Alexandre Cabanel - The Birth of Venus - 1863
“This Venus hovers somewhere between an ancient deity and a modern dream; the ambiguity of her eyes, that seem to be closed but that at a close look reveals that she is awake… a nude who could be asleep or awake is specially formidable for a male viewer.” - Robert Rosenblum, art historian and curator
Silver Favourites by Lawrence Alma-Tadema, 1903
Silver Favourites is an outstanding example of Tadema’s contrasting gleaming white marble against a backdrop of dazzling blue Mediterranean sea. The artist obliterated the middle-ground, and the foreground is abruptly juxtaposed with the distant horizon, creating a dramatic effect.
Oil on wood.
David with the Head of Goliath by Caravaggio, 1609-1610.
Chiaroscuro was practiced long before he came on the scene, but it was Caravaggio who made the technique definitive, darkening the shadows and transfixing the subject in a blinding shaft of light. With this came the acute observation of physical and psychological reality which formed the ground both for his immense popularity and for his frequent problems with his religious commissions. He worked at great speed, from live models, scoring basic guides directly onto the canvas with the end of the brush handle; very few of Caravaggio’s drawings appear to have survived, and it is likely that he preferred to work directly on the canvas.
Galleria Borghese, Rome.
The Nightwatch by Rembrandt van Rijn, 1632
This piece is interesting because Rembrandt depicted the Kloveniersdoelen, the musketeer branch of the civic militia, in an action scene rather than a stately, formal line-up. It is also interesting because parts of the canvas were cut off (approximately 20% from the left hand side was removed) to make the painting fit on the designated wall when it was moved to Amsterdam town hall in 1715. However, the Rijksmuseum contains a smaller reproduction of the work in what is understood to be its original form; the four, foremost figures occupy the painting’s center.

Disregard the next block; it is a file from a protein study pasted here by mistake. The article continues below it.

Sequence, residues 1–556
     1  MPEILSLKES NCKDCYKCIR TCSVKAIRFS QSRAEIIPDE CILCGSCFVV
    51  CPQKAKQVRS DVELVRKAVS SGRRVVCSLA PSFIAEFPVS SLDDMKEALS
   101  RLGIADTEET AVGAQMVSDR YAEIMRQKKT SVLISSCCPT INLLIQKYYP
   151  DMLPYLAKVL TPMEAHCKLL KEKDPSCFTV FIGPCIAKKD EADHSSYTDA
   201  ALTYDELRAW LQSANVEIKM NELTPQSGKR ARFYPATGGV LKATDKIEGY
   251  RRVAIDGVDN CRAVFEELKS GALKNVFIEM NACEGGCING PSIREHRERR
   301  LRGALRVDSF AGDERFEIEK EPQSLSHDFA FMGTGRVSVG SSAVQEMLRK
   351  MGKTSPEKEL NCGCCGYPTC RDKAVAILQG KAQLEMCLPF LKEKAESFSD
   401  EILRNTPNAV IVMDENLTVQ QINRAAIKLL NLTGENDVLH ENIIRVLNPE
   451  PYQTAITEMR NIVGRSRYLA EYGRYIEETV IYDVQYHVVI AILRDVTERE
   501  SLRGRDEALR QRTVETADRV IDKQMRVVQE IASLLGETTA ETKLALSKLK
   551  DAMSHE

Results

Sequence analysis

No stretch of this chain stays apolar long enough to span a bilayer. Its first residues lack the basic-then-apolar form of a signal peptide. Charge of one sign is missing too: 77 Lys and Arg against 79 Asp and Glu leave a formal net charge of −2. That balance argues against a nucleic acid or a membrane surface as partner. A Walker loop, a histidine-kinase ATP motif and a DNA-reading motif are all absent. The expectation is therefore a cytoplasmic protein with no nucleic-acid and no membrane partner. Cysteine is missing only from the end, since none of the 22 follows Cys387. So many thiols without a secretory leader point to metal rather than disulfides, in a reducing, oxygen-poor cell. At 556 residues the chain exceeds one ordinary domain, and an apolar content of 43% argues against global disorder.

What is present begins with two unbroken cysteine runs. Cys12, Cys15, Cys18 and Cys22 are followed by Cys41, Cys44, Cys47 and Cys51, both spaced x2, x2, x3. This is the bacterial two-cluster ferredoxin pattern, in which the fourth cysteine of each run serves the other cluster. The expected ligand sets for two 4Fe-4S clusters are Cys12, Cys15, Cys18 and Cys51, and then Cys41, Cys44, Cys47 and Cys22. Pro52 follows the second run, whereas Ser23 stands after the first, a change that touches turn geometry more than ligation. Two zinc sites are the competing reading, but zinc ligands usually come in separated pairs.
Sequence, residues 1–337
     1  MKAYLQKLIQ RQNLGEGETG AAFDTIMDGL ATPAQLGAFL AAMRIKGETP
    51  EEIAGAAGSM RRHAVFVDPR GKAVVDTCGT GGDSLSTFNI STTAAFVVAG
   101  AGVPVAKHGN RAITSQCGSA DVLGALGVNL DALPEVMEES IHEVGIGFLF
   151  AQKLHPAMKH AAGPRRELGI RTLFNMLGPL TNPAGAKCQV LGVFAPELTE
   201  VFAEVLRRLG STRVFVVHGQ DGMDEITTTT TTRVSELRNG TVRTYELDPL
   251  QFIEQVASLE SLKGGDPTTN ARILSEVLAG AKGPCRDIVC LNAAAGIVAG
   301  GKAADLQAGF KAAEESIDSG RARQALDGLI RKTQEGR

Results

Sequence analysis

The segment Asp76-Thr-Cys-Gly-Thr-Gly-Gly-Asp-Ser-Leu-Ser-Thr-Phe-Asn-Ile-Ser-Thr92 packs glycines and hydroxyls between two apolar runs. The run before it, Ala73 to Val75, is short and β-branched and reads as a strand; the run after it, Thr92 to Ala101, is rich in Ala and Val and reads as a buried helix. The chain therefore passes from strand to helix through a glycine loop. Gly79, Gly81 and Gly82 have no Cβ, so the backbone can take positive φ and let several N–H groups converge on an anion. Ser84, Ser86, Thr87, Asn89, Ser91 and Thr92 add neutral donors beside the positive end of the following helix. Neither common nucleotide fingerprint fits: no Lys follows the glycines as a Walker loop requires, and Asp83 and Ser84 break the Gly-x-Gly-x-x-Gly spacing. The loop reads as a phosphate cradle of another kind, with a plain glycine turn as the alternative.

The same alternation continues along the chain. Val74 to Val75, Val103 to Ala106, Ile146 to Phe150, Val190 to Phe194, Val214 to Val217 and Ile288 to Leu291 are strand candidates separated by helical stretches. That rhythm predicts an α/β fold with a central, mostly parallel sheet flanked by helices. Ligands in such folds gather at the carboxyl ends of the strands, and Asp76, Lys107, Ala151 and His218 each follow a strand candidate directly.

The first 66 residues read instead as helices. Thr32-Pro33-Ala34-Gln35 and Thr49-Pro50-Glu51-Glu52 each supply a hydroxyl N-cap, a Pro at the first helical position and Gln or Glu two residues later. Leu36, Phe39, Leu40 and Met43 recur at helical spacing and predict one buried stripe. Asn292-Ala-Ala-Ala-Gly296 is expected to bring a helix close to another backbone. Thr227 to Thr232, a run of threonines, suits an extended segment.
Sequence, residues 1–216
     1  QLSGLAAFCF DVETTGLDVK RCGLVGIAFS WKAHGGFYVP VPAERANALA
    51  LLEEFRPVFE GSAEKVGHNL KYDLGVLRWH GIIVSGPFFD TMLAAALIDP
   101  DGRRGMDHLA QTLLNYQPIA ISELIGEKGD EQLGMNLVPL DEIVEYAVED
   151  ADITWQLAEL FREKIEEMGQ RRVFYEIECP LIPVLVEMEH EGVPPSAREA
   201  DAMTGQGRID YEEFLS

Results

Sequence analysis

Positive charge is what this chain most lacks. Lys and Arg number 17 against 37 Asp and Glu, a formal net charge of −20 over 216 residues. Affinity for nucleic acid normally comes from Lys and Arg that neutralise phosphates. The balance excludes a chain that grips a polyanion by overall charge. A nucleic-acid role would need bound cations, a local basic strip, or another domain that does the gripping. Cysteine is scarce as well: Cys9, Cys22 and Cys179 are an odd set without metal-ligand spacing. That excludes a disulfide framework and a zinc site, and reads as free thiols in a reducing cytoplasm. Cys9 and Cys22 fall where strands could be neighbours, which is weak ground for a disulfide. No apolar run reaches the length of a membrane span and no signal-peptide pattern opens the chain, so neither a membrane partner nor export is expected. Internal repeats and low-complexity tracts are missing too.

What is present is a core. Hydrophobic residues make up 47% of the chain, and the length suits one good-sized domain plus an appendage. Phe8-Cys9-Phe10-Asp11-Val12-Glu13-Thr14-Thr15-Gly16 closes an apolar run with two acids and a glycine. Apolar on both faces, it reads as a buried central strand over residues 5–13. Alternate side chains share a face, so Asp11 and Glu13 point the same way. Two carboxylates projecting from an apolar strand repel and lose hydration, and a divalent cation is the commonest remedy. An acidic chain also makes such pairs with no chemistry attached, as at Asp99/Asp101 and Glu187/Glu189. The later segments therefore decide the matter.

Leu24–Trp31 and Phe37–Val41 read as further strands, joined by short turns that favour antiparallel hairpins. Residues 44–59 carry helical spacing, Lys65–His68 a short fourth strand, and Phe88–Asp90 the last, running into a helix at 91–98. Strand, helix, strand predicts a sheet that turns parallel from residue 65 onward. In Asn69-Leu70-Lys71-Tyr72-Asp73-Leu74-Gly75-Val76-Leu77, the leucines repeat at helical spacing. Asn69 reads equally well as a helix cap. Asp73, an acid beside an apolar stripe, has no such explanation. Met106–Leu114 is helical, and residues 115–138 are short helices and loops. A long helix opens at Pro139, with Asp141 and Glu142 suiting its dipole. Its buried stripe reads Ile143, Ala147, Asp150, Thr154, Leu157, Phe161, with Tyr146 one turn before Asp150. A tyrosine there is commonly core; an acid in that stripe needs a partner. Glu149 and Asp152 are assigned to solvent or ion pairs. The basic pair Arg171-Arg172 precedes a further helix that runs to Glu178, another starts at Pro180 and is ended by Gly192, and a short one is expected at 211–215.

Oil on canvas; Rijksmuseum, Amsterdam
“All painting, but also all literature, is merely a process of going round and round something inexpressible.”
“Art is not what you see, but what you make others see.”
“I hope with all my heart there will be painting in heaven.”
Liberty Leading the People by Eugène Delacroix, 1830
Probably Delacroix’s best known painting, it is an unforgettable image of Parisians, having taken up arms, marching forward under the banner of the tricolor representing liberty, equality, and fraternity. The French government bought the painting but officials deemed its glorification of liberty too inflammatory and removed it from public view. Nonetheless, Delacroix still received many government commissions for murals and ceiling paintings. At the end of the reign of King Louis Philippe, Delacroix’ painting was finally put on display by the newly elected President, Louis Napoleon (Napoleon III.)
The boy holding a gun up on the right is sometimes thought to be an inspiration of the character Gavroche in Victor Hugo’s 1862 novel, Les Misérables.
Oil on canvas; resides in the Musée du Louvre.
The Song of the Lark by Jules Adolphe Aimé Louis Breton, 1884
Jules Breton was a French Realist painter of the 19th century. This painting inspired the title of Willa Cather’s novel of the same name, published in 1915.
Oil on canvas, located at The Art Institute of Chicago